Without someone you trust to confide in about these feelings, the nightmares, or the resentment for the job, you find another avenue to cope with all the unpleasantness in your life. Maybe you chose copious amounts of alcohol or street drugs, gambling, hours of online video games or porn. Your sexual exploits during work hours are becoming commonplace. Your new catchphrase: “life sucks,” and “nobody gives a fu** about me.”
“I could seek treatment; Lord knows it was offered on a regular basis. Every time we had some particularly horrendous event the good old Stress Debriefing team came around to offer us help. My problem was this. I saw that most of my co-workers appeared unaffected, they were dealing with it, even joking about it. Was I some weakling? Why was I so disturbed on the inside when those around me remained intact? If I sought help and the others learned of it, would I be considered less than?”
— Excerpt from “Slow Death of a Firefighter”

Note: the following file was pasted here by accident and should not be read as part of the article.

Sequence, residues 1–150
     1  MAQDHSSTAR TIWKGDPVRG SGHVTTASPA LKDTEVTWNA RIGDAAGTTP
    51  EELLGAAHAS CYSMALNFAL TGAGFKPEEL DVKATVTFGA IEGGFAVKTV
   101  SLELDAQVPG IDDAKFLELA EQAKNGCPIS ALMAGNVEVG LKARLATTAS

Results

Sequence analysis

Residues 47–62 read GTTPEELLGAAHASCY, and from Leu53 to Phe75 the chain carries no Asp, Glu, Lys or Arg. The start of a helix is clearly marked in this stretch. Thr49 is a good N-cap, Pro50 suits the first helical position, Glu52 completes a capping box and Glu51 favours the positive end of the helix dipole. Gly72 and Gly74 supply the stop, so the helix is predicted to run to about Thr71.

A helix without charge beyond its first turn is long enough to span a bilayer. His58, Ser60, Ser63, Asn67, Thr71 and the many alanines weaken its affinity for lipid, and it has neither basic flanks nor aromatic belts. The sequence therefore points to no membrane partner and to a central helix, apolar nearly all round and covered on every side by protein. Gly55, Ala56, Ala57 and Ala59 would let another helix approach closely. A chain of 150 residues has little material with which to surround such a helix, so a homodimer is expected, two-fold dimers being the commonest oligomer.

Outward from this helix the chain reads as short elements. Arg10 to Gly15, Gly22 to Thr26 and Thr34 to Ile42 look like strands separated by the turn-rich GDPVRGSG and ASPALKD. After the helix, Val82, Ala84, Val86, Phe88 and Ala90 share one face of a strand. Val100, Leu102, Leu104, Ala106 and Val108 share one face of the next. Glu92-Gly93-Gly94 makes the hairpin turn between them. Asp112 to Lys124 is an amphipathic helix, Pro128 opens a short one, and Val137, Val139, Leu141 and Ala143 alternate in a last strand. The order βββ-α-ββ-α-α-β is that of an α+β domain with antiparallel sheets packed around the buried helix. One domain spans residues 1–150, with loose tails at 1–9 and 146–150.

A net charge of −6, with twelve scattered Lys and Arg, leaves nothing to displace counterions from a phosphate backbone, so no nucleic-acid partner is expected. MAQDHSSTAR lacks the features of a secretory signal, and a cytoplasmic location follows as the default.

I know that many of you are reading this and thinking to yourself THAT’S ME! That’s how I feel! I’m dealing with the same thoughts and feelings. I’m tired of the day-to-day calls and the blood and the guts and the nightmares. I’ve had enough fighting with my family, my department, my friends. What do I do NOW?
“If you hear anything here, know this, you are NOT ALONE in feeling the way you might be feeling. My story might sound specific to my career as a firefighter, but it isn’t.
“We all have experiences that can be overwhelming, insurmountable, and feel hopeless. So what the hell, give the people who can help you a chance, all you have to lose is everything.”
— Excerpt from “Slow Death of a Firefighter”
Step #1 Read Tim’s words again and again and believe them. YOU ARE NOT ALONE!
Step #2 Reach out to one of the resources below and ask for help.
Step #3 Please feel free to email me, Peggy Sweeney, if you have questions or need someone to listen. I can be reached at firstname.lastname@example.org.
Sober Coach Don 561.282.8685 email Don@sobercoachdon.com
Don Prince ~ Nationally Certified Recovery Coach & Advanced Clinical Intervention Professional
Warriors Heart 844-448-2567
Warriors Heart is a dedicated treatment facility for chemical dependency and co-occurring psychological disorders for Military, LEO, and 1st Responders.
West Coast Post Trauma Retreat – (415) 721-9789 – educational treatment programs to promote recovery from stress and critical incidents experienced by first responders and their families.